Hearing difficulties in older people linked to changes in the attention processes in the brain. Researchers recorded the alpha waves in the brain of 20- to 30-year-olds and 60- to 70-year-olds while they performed a hearing task.
The participants listened to two spoken numbers and had to press a button if the second number said was higher or lower than the first. The numbers were presented with background noise.
During the hearing test, the researchers manipulated the acoustic quality by removing certain frequencies from the speech signal. Research lead Malte Wöstmann said, “The voices then sound like artificially generated computer speech.”
The researchers also intentionally varied the predictability, meaning if the first number was very low there was a greater probability the second number was higher. With better predictability, participants were quicker at the activity, but the results changed once the acoustic quality altered. Older participants fared well with better acoustic quality.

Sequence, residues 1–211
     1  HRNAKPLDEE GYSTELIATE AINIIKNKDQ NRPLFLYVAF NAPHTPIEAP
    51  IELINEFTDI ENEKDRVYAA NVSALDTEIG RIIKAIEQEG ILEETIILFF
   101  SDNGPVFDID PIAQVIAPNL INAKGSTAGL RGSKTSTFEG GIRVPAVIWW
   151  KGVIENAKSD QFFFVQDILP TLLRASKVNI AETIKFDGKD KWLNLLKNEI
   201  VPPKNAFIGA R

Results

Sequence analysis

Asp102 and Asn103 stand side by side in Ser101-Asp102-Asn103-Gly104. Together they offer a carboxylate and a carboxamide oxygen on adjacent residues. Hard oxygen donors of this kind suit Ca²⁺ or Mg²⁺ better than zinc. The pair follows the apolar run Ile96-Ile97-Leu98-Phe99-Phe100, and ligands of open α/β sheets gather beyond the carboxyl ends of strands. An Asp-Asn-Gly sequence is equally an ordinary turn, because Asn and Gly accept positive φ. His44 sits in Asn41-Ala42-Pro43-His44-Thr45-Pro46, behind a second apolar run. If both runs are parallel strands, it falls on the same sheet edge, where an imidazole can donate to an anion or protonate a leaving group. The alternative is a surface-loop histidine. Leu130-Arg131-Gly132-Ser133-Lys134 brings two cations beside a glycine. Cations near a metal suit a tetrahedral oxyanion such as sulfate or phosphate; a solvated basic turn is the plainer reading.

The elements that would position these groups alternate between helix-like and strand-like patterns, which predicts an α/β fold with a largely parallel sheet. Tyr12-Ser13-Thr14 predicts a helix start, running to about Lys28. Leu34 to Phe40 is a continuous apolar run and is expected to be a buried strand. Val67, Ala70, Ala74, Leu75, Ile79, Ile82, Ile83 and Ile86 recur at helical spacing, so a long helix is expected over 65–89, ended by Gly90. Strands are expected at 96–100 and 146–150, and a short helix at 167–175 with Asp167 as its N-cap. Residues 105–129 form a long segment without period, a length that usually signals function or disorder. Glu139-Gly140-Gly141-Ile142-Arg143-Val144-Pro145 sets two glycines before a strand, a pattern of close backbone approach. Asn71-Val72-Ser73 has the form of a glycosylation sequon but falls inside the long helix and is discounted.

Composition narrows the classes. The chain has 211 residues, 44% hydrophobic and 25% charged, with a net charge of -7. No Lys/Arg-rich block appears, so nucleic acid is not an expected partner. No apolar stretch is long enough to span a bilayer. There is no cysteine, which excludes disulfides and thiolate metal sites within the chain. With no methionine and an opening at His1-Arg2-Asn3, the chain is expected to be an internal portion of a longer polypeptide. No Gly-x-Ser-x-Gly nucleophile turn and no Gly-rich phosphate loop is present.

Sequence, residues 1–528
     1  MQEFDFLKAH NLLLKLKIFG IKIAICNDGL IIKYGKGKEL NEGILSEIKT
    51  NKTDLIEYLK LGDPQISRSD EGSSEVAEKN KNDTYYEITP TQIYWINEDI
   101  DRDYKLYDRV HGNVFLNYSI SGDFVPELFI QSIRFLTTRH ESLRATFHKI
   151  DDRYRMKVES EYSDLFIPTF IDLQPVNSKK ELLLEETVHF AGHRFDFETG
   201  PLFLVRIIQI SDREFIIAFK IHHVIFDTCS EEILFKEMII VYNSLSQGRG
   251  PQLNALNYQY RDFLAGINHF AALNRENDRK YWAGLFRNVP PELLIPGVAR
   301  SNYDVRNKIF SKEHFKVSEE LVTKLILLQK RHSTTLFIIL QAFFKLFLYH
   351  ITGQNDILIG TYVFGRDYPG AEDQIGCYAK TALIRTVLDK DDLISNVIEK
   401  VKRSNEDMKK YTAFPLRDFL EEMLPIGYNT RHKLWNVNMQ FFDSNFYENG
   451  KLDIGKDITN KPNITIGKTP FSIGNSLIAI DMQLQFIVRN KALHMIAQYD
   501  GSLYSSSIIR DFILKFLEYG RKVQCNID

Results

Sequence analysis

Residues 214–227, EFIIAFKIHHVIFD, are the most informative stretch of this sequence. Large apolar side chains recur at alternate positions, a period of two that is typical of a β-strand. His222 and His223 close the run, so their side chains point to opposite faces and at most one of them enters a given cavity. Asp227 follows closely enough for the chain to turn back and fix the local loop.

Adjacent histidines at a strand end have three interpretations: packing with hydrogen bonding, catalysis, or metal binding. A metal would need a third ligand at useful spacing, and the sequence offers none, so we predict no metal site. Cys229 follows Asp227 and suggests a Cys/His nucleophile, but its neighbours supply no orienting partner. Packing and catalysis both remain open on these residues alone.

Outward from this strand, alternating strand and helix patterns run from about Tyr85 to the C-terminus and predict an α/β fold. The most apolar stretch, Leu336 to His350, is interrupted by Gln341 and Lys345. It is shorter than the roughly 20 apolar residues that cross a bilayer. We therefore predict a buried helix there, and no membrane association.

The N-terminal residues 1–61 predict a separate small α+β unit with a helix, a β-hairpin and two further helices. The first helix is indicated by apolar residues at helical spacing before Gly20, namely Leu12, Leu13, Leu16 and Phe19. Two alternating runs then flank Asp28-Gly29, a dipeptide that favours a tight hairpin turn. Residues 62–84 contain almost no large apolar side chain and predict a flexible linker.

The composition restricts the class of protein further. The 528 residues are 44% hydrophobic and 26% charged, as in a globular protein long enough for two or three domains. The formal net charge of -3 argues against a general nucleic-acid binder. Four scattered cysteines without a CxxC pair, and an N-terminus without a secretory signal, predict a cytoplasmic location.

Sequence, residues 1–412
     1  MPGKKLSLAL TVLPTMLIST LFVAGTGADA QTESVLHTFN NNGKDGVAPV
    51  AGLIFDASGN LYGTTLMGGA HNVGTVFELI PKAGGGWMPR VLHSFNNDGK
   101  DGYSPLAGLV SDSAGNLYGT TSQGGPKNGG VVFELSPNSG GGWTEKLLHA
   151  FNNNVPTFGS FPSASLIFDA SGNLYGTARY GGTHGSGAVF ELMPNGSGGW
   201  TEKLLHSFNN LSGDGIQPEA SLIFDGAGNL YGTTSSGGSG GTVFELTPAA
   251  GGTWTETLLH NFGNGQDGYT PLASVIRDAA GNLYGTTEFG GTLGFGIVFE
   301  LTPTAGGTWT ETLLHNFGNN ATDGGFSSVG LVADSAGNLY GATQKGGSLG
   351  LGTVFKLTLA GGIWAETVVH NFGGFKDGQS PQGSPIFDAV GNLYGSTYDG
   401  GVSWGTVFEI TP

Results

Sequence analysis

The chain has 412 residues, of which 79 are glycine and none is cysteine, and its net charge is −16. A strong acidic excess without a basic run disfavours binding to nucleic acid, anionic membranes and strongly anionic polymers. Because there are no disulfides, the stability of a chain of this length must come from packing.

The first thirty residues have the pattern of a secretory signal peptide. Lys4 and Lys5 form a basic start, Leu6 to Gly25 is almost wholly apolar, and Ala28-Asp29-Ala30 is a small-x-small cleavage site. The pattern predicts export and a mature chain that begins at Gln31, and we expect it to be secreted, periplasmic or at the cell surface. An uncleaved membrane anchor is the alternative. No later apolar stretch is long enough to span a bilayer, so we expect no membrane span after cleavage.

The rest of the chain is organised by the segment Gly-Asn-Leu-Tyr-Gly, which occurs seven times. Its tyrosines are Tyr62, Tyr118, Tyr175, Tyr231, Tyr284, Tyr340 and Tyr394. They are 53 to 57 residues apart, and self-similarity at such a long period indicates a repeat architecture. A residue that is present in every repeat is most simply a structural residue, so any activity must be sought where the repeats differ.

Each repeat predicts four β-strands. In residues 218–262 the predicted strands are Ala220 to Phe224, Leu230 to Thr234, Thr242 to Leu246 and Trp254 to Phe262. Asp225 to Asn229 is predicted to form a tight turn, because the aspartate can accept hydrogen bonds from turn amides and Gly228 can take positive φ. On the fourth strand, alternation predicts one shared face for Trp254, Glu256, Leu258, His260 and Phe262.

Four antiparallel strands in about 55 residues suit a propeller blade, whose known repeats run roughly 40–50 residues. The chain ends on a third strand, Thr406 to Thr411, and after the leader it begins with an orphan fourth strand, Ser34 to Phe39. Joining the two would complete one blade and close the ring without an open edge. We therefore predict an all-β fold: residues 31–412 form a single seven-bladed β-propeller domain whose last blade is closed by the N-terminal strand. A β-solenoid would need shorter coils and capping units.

The effect of acoustic quality for older participants was also reflected in the alpha waves. With improved speech quality, the alpha wave amplitude was much lower for older study subjects, implying that attention in elderly shifts to acoustic aspects of the speech signal.
Wöstmann concluded, “I am thinking here, for example, of the possibility of adapting hearing aids to the listener’s brain activity individually and dynamically in order to improve speech comprehension in challenging situations.”
If you’re over the age of 50, you don’t have to fall victim to losing your hearing. There are easy preventative measures you can try to ensure you preserve your hearing and avoid the side effects hearing loss can cause. Here’s what you can do for hearing loss prevention:
The Better Hearing Institute suggests that one third of hearing loss can be avoided with prevention strategies. Even if you think it’s too late or you’re too old, following these tips can help you preserve your hearing for many more years to come.